At issue: Who decides on reparative therapy for minors?

Tuesday, June 17, 2014
Charlie Butts (

New York lawmakers are considering a bill to ban reparative therapy for minors with same-gender attractions. While there is a strong push for it, proponents might not be pushing hard enough.

New Yorkers for Constitutional Freedoms refers to the measure as "the counselor coercion bill" because it forbids counselors, including Christian ones, from providing the therapy.

"It assumes that reparative therapy is harmful," explains NYCF spokesman Stephen Hayford, "and [also assumes] that it's something that we need to have government get involved in to protect people from."

But Hayford points out such therapy does work and argues the bill denies youth with unwanted same-gender attractions and their parents from electing to pursue the therapy.


"We also believe that there's a constitutional concern here when government starts getting between counselors and their clients," he adds, explaining that under the legislation "the government's going to decide which perspective on a sensitive issue like adolescent sexuality is the correct one and then heavy handedly legislate in ways that silence one perspective on that issue."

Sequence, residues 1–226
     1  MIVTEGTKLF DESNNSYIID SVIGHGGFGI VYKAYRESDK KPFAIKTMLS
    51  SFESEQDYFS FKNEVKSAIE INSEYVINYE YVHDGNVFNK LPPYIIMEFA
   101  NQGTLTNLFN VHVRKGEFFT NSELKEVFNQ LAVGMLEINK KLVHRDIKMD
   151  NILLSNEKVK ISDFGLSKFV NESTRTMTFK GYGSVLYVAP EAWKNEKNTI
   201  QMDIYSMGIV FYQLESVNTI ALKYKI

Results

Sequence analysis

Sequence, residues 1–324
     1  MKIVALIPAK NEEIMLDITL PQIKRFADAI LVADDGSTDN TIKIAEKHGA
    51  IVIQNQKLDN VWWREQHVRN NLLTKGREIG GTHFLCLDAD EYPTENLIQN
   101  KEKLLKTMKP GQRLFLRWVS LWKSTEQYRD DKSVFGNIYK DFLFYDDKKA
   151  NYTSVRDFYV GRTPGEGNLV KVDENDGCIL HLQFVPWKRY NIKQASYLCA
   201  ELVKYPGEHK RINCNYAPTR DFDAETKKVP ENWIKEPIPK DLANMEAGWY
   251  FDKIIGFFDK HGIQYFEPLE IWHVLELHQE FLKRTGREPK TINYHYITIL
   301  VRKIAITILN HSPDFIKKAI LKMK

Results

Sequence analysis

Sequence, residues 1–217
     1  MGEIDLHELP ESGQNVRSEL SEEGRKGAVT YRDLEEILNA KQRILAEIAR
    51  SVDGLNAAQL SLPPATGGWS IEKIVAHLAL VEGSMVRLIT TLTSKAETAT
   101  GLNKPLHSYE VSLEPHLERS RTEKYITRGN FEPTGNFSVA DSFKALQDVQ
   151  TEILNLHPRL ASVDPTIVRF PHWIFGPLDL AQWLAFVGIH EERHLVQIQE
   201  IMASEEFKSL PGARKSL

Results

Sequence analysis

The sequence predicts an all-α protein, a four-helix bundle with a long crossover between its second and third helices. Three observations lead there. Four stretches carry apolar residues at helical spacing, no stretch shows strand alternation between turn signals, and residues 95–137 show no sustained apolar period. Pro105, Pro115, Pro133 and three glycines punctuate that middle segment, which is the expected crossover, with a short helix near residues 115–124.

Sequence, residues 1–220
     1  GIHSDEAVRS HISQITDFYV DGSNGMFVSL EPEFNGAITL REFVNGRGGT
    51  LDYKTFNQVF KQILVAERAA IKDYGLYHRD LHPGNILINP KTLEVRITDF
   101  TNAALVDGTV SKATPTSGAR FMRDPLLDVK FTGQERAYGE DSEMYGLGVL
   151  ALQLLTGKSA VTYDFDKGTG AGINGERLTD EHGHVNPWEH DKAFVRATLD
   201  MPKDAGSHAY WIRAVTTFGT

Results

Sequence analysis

NYCF says decisions about the type of professional counseling that should be available to youth shouldn't be made by the state – and the state shouldn't forbid professional counselors from offering help and hope to their clients.

If Bill S.4971-A / A.6983-A passes this week in the Assembly, it will go to the Senate where Hayford says there will be a better chance of killing the bill. Similar laws passed in New Jersey and California have been challenged in the courts.

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